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UCL community wins Wellcome image awards

22 October 2009


Theresia Hofer 'Amchi Tala, Tibetan doctor' ucl.ac.uk/histmed/" target="_self">UCL History of Medicine
  • UCL Medical School
  • Wellcome image awards
  • Two members of the UCL community are amongst the winners of the 2009 Wellcome Collection Image Awards.

    The awards recognise the creators of the most informative, striking and technically excellent images among recent acquisitions to the Wellcome Images collection of medical and historical imagery.

    This year sees 19 images awarded in three categories: biomedical, illustration and photography.

    Theresia Hofer is currently studying for a PhD at the Wellcome Trust Centre for the History of Medicine at UCL. She is a social and medical anthropologist and her work focuses on 20th-century Tibetan medicine. She spent a year carrying out field research in the Tibet Autonomous Region.

    Theresia bought her first camera, a Nikon, aged 16, to document her immense curiosity about different places and people. Half a year spent absorbing a different culture from her own in Chile inspired her to become an anthropologist. In her mind, anthropology and photography are bridges that foster understanding. Theresia has photographed West Africa, Central and South Asia, Tibet and the Himalayas to "tell powerful stories, of cultural survival, continuity and change". She says her photographs "bear witness to people's struggles, memories and dreams. Not least my own."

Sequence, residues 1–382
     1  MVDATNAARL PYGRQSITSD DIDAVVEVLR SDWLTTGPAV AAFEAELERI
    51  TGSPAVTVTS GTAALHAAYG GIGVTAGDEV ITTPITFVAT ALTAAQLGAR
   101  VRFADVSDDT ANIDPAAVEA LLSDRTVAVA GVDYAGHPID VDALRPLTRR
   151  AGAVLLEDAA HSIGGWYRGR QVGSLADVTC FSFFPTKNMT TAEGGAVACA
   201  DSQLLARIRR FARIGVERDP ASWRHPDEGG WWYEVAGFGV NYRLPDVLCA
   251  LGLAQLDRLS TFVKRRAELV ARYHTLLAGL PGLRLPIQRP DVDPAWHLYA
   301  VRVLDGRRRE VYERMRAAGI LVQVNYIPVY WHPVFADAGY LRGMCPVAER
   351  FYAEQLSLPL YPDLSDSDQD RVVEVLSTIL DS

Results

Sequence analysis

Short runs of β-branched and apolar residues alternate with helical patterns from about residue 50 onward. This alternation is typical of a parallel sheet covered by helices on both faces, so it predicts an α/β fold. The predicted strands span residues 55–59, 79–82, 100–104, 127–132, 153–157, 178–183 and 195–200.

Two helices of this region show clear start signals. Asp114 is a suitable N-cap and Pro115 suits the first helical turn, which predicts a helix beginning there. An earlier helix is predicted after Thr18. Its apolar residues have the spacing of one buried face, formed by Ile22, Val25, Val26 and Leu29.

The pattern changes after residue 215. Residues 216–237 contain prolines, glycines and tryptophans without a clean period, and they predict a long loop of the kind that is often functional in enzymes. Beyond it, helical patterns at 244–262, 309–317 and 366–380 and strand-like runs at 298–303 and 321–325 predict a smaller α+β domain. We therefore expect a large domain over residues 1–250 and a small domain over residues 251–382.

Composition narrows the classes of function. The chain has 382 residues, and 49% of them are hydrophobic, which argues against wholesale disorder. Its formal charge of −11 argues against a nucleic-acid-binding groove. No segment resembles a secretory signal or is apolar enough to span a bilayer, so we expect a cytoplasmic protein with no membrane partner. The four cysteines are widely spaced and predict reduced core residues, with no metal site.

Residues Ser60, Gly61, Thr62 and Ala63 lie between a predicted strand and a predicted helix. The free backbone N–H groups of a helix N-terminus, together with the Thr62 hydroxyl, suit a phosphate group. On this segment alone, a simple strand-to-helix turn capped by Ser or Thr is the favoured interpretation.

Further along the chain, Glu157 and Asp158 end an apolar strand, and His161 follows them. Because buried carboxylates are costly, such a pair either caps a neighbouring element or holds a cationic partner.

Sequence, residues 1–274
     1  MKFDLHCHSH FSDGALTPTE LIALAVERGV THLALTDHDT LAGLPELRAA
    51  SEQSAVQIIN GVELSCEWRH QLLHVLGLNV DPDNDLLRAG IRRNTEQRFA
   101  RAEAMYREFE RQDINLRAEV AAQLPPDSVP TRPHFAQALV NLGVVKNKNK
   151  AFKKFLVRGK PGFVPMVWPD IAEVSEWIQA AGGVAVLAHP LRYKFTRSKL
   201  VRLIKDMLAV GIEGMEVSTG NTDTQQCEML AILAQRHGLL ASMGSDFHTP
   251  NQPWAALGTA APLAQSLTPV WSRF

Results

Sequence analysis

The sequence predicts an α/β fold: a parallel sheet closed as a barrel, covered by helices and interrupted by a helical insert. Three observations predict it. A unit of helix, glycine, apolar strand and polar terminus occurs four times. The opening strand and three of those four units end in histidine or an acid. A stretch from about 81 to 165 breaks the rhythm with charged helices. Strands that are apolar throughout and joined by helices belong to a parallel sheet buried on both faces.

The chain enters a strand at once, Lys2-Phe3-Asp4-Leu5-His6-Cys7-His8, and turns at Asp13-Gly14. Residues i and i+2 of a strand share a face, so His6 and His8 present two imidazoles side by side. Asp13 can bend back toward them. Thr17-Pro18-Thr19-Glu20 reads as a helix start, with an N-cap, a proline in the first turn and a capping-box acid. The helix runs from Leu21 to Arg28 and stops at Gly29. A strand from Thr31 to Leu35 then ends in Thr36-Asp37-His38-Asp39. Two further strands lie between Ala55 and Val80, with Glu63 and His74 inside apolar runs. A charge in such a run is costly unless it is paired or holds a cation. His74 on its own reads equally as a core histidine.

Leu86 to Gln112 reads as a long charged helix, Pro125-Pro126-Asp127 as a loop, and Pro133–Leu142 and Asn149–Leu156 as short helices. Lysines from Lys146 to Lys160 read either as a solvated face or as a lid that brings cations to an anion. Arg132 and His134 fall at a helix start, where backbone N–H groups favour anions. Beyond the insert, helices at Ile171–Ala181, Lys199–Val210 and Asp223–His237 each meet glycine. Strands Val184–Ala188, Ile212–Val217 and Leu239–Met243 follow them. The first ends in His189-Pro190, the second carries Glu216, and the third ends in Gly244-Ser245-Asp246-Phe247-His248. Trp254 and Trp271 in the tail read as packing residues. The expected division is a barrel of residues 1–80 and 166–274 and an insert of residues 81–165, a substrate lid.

Jackie Lewin (UCL Medical School) carries out research and diagnostic services and the samples she works on include cell cultures, tissue morphology and various polymers. Many of the images she produces show detailed microanatomy, and are helpful for teaching students at the Medical School about cell ultrastructure.

    Jackie has spent 31 years working in the field of microscopy. Her continued interest is partly due to the "fantastic" developments in digital imaging software, which allow her to enhance her images with colour using a technique called layer blending. Apart from the academic applications, she says that giving colour to the images has the "added advantage of fuelling my creative side".

    Selected by a panel of expert judges, the winning images were created using a range of microscopic techniques, including combinations of light microscopy and innovative histological approaches, and electron microscopy; illustration, and photography.

    To find out more about what each image reveals and why it was chosen go to the link above. The winning images are all on display in the Wellcome Collection until spring 2010.

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